“She is a really special adult because she is open to the ideas of children and young people. That is different from any other teacher I have ever had,” Timo shares, “The Idea Office is not just about solving problems. It is a free space to let our dreams come true. If I had a plan to build a rocket and fly to the moon, a normal teacher may be dismissive. But Christane, she would be very open to the idea.”
Breaking down invisible walls
The following year, Timo graduated from his primary school and enrolled in his town’s secondary school. In his new school, the environment was much different. This school was much more socially and ethnically heterogeneous with German and French-speaking students now attending the same school.
Switzerland has various language regions, with French speakers often living in the west and German speakers living in the central and eastern parts of the country. Timo lives in a town that is a linguistic intersection of German and French, often referred to as Rostigraben. This name is an idiomatic expression, representing both an invisible linguistic and cultural border between German-speaking and French-speaking Swiss.
Despite linguistic barriers, Timo befriended a boy named Gabriel back in primary school. Gabriel’s family is French but attended a predominately German school with Timo growing up. They both participated in the Ideenbüro together and were eager to “help other students make the world a better place” at their new school.
At school, both Timo and Gabriel noticed the rising tensions between French and German-speaking students. Itching to creatively design a solution, the pair found a professional co-working space outside of school to develop their own ideas. Timo reflects, “The co-working space felt like an ecosystem of so many different ideas and mindsets.”
With the help from those they collaborate with at the co-working space, Gabriel and Timo decided to host “intercultural exchange days” at their school. These days were meant to bring students together through shared activities. “We imagined a future where French and Germans were friends,” Timo smiles, “and to realize those friendships, we wanted to create a day at school where people do activities together – cook together, eat together, have fun together – an entire day to celebrate the relationships between people.”
Timo and Gabriel, after weeks of planning, successfully launched and ran an intercultural exchange day at their school for several years. With time, they passed on the responsibility to other students to lead.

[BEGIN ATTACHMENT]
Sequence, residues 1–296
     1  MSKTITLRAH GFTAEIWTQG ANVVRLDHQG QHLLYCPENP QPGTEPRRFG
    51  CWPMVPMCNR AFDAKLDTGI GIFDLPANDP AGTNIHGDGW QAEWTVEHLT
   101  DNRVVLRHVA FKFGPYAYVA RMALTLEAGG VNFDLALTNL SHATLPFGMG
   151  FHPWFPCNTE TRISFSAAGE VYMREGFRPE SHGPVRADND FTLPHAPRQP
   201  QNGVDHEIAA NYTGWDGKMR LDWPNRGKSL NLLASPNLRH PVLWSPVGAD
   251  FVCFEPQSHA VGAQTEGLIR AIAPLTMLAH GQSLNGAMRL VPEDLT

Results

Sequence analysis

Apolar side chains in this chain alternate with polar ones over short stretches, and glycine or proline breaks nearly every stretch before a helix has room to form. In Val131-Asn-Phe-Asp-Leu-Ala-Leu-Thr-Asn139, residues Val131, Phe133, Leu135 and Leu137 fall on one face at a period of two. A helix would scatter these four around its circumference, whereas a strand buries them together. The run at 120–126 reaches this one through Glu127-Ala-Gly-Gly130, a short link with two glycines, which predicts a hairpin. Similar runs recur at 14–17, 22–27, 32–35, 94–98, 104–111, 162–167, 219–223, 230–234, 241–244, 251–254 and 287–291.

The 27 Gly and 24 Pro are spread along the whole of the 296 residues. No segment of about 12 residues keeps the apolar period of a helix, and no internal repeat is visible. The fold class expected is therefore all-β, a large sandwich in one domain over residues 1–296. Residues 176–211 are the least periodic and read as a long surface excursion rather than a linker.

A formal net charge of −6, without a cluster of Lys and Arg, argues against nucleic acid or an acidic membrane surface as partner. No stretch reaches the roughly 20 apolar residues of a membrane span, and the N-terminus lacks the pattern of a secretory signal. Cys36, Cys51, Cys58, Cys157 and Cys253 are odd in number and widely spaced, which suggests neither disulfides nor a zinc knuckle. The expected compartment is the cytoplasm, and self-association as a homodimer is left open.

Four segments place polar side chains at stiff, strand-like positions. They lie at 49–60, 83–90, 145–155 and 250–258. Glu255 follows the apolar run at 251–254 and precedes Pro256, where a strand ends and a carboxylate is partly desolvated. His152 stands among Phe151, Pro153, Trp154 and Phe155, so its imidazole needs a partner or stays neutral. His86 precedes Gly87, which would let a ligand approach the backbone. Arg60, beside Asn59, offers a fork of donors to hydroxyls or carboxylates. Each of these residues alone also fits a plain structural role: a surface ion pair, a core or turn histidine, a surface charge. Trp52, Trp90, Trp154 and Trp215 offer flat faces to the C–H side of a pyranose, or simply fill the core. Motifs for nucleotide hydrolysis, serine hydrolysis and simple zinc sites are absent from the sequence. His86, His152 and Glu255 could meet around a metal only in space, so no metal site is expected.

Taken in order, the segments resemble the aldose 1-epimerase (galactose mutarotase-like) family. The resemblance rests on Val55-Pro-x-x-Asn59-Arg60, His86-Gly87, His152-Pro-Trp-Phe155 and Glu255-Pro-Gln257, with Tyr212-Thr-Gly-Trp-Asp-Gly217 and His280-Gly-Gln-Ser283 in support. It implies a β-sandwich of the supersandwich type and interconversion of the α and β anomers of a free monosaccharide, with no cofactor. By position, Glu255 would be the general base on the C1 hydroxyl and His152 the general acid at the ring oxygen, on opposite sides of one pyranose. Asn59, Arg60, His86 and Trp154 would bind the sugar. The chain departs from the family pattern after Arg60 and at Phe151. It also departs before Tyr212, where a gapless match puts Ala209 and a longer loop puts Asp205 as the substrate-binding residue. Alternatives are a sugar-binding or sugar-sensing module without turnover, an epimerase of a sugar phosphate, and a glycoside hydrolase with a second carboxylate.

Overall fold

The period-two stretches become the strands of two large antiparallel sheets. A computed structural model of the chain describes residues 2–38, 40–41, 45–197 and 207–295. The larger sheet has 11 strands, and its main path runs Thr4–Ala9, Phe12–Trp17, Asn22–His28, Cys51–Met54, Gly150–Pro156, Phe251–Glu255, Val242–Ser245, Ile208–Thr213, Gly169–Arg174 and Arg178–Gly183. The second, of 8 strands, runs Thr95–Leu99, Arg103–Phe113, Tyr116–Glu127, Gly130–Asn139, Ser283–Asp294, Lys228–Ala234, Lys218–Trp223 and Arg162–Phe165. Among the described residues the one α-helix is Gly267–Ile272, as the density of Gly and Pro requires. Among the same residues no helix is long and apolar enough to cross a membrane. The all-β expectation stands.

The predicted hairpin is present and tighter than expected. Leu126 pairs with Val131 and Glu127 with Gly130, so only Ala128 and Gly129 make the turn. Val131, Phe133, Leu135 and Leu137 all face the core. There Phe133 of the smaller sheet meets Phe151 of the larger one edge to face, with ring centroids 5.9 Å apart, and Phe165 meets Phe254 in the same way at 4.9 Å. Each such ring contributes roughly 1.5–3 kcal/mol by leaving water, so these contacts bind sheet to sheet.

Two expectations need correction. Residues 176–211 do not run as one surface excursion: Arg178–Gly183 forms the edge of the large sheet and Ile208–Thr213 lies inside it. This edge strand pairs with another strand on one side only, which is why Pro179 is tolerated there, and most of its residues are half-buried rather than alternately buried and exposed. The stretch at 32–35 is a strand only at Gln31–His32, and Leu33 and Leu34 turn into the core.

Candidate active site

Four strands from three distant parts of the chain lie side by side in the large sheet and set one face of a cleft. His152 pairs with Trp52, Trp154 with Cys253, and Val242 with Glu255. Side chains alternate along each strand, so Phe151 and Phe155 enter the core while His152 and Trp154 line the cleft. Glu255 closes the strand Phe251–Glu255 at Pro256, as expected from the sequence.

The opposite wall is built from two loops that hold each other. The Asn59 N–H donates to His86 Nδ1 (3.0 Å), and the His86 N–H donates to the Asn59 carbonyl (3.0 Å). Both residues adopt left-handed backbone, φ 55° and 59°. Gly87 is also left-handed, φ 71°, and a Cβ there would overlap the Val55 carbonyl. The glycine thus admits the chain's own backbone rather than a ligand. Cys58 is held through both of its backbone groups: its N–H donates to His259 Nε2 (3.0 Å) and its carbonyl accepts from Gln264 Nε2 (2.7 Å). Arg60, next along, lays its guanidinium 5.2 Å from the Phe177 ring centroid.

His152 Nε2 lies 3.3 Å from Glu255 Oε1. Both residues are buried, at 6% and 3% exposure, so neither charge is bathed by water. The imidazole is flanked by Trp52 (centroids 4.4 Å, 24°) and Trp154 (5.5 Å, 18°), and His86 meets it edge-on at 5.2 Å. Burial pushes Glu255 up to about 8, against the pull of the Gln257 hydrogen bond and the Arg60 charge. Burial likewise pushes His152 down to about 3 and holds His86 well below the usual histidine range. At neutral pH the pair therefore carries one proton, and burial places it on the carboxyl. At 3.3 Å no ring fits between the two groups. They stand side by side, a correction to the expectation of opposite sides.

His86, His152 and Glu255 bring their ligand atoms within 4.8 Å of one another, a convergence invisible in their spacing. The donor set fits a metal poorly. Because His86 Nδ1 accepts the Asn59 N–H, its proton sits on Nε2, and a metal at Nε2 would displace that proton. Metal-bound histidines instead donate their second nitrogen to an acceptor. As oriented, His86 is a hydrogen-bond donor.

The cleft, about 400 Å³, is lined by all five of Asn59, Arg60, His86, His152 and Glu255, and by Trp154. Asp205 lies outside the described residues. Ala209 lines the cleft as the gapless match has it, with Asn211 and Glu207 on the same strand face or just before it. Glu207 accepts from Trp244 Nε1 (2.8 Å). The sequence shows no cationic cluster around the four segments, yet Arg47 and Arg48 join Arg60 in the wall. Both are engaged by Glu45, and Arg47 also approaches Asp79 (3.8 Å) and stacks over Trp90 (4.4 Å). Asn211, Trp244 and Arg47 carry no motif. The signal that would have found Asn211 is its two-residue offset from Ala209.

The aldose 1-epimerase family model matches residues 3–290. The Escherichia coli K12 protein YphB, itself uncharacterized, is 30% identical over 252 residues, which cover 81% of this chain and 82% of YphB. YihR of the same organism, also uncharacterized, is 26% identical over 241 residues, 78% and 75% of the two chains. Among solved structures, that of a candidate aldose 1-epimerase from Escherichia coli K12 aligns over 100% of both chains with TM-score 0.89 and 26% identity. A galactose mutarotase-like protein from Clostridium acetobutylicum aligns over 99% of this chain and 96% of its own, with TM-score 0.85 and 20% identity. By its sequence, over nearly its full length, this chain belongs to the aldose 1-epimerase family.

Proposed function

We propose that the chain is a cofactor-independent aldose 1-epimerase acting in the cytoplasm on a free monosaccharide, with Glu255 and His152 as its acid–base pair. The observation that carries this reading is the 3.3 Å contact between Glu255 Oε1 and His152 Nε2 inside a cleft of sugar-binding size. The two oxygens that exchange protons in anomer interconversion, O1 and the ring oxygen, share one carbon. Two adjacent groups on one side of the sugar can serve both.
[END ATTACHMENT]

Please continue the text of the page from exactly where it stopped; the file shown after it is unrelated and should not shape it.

Activating the next generation of educators and students
Today, Timo and Gabriel are working with Ideenbüro to spread the wisdom and practice to other schools. They are visiting schools of education across Switzerland to speak with teachers-in-training about how they can integrate design thinking, project-based learning, and changemaking into their future classrooms.
As Timo describes, “Gabriel and I saw a completely different kind of education system. The Idea Office is like a school subject called ‘Life.’ Sometimes we learn so many things in schools, but in this class, we learned how to learn.”
Timo goes on to say, “In our generation, there is so much information available, and this might not be the right way to put it all in our head, so we have a lot of critiques about education today. So, we are talking to teachers about adults about how we feel. We want classes that will give us the spaces to change the world with our ideas.”
Timo and Gabriel also attend conferences and workshops with Ideenbüro. Last year, the pair spoke at the Pädagogische Hochschule in Zürich and presented to important education leaders from Germany, Austria, and Switzerland. Inspiring greater youth action, Timo says, “Last year we helped organize events for climate change and environmental pollution. We talked about what we can all do in school for a greener future.”
A bright path ahead
Looking towards graduation, Timo is eager to take Ideenbüro international. “There is so much freedom to say what I think. Students can be so honest with their ideas. There are many countries where this is not possible [in education] and where children are not taken seriously. Something like this program could make a huge difference,” Timo proudly states, “I want to be an international ambassador for the Idea Office.”
Christiane has been consequential to Timo’s confidence and grit, but Timo also attributes the role of his parents in shaping his journey. Timo shares, “My parents never judged what I do with my time. They let me do what I want – they do not hinder my freedom. I can decide for myself and have my experiences for myself. I am so appreciative of them.”
Once young people have the space to create, Timo encourages everyone to take advantage of it. "It’s good to start small and don’t have too many expectations. Just start, do not think too much,” Timo says, “That is a problem of adults – every time they start a project, they think about all the problems they will face. But this is the strength of young people.” Instead, Timo advises all young people to “not think too much and just start.”
However, Timo is not shy to ask for help. “Don't be afraid to ask for help – ask for feedback on everything you do.” And with the help of supportive adults like his parents and Christiane, his peers like Gabriel, and the encouragement from his school, Timo is on a path to reimagining education for a world where everyone has the skills they need to work together, to solve problems, and to change their world.
Nicole Pagan contributed to this story.